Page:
The labor of 250 million Chinese migrant workers, now the numerically and politically most important part of the working class, is largely deployed in the country’s many metropolises. But if the production of consumer goods, skyscrapers, and high-speed railways is taking place in the cities, the production of migrant labor power itself — social reproduction — by and large takes place in the countryside. That is where the social and financial costs of providing education, healthcare, and care for the aged are borne. 
This is a giant subsidy to urban capitalists, who are thus able to use massive amounts of labor without having to pay for either the worker’s formation or for reproduction on a generational basis. Cities have been able to consume the best working years of migrant youth and then spit them back into the countryside when they’re no longer desirable, with no further obligations.
But after underwriting decades of growth, this blatantly exploitative relationship between city and countryside is starting to show signs of stress. Most importantly, young migrants to the city are proving increasingly unwilling to return to the farm to start families as their parents had done in the 1980s and 1990s. The problem, though, is that it is still nearly impossible for working-class migrants to make a decent life in the city, as they are legally excluded from the social services that urban residents enjoy.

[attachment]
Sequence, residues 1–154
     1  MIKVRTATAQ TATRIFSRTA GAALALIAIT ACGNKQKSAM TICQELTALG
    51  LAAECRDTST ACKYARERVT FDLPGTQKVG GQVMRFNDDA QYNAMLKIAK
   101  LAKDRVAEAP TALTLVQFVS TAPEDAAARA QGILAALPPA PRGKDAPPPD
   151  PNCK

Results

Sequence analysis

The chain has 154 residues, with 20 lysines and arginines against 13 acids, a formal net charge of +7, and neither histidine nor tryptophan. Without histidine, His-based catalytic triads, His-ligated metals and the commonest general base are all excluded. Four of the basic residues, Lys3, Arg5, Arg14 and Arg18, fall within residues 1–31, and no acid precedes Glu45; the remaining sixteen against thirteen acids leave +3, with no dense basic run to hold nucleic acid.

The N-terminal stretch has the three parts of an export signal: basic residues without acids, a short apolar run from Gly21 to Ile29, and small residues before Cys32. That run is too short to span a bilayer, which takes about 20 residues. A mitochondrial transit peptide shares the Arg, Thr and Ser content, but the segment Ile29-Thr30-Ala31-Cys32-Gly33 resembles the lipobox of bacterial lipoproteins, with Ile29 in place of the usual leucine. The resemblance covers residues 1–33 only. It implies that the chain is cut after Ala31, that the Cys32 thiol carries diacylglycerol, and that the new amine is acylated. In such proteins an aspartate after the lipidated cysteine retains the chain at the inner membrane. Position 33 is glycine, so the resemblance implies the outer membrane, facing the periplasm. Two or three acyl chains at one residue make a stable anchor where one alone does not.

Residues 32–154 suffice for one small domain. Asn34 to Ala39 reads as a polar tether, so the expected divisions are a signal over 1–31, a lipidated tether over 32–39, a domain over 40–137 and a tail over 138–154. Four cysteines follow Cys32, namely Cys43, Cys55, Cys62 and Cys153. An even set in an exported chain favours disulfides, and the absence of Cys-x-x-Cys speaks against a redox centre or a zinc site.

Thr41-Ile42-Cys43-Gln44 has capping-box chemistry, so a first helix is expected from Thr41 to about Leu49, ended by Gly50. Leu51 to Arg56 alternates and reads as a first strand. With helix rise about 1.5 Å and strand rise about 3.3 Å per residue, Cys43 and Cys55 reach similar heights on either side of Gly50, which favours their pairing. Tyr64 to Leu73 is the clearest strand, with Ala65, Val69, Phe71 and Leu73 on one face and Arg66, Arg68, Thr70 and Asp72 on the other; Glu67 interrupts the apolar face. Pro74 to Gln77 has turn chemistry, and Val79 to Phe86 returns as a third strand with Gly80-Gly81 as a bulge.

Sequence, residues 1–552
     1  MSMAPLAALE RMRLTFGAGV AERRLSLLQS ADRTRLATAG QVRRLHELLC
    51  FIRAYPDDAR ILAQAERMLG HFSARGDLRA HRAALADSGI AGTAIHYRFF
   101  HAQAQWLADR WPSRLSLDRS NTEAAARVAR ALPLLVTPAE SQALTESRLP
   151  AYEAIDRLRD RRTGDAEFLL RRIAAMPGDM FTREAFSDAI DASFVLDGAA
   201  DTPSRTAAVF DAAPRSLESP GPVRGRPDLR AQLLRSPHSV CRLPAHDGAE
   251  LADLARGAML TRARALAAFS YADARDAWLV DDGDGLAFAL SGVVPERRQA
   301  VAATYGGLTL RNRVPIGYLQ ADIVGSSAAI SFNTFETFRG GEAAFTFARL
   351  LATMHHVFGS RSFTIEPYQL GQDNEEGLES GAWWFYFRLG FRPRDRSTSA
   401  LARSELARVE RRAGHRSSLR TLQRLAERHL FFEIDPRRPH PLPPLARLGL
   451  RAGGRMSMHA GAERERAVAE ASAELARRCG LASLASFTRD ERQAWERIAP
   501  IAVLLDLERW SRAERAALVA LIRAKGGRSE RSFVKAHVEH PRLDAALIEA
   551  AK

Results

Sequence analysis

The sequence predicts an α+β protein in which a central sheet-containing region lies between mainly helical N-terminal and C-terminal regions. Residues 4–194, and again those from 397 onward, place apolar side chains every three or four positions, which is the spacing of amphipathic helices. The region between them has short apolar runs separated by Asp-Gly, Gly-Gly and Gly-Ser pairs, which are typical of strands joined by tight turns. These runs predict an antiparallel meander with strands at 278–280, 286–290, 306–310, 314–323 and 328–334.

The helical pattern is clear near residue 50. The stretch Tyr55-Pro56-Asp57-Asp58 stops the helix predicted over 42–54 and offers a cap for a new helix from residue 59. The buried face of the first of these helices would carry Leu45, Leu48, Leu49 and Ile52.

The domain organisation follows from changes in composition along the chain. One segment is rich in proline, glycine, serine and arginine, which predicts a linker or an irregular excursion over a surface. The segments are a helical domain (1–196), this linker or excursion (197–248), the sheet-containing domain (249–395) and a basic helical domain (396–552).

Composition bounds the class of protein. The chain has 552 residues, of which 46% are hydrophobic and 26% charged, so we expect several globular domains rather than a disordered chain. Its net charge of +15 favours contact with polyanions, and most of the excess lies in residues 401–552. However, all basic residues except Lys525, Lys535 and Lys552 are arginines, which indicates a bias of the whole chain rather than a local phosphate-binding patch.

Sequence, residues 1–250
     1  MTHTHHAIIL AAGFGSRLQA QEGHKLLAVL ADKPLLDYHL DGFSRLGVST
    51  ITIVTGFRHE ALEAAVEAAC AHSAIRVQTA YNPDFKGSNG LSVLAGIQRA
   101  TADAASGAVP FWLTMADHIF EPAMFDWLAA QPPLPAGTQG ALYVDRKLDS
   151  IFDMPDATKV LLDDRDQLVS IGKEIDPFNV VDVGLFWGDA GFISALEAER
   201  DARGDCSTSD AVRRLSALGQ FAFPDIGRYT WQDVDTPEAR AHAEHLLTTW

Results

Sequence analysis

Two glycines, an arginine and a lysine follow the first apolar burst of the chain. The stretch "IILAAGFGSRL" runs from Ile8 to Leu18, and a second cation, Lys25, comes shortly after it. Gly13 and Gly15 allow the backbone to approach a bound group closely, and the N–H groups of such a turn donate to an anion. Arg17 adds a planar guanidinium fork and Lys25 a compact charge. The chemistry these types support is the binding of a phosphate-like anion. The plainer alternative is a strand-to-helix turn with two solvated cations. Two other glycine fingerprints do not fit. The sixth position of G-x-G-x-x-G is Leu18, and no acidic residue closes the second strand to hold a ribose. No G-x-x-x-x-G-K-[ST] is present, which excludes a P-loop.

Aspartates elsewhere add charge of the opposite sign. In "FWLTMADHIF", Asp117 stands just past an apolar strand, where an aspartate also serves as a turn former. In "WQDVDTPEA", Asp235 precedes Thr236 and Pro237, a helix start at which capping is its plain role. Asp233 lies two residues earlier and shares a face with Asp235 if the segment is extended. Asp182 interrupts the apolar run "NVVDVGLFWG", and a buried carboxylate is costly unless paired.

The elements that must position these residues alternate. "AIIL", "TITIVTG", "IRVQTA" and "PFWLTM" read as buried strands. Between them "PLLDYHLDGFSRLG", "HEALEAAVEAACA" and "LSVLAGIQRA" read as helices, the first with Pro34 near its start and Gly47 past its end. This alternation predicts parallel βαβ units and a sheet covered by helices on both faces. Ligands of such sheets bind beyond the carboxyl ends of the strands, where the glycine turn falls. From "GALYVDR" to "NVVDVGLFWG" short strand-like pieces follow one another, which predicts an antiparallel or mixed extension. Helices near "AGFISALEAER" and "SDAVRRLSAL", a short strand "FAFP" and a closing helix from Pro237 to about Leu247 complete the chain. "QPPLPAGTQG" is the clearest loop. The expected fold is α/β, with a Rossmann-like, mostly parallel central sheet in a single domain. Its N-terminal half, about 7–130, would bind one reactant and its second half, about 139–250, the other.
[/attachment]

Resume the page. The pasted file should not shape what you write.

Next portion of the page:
The Chinese state maintains a formally tiered system of citizenship that is enforced through the household registration system known as hukou. This system ties the provision of public goods to place: if someone leaves their officially designated hometown, the state promises them nothing. Additionally, there is a deeply unequal distribution of social goods in terms of scope and quality that is dependent on place, with residents of cities like Beijing and Shanghai enjoying far superior and more diverse services than those of their rural compatriots.
This transparently unequal citizenship regime operates intergenerationally. A child born in Beijing to parents from rural Sichuan is guaranteed access to public services — but only in rural Sichuan. If the ideal of public goods is to serve as a bulwark against the market’s inherent tendency to reproduce class inequality, in China such institutions serve just the opposite purpose. This is not the informal class- and race-based segregation of today’s America, but old-fashioned, formal exclusion based on inherited characteristics. The implications for the rigidification of class structure are legion.
Outside the New China (Jacobin)

Welcome to the future.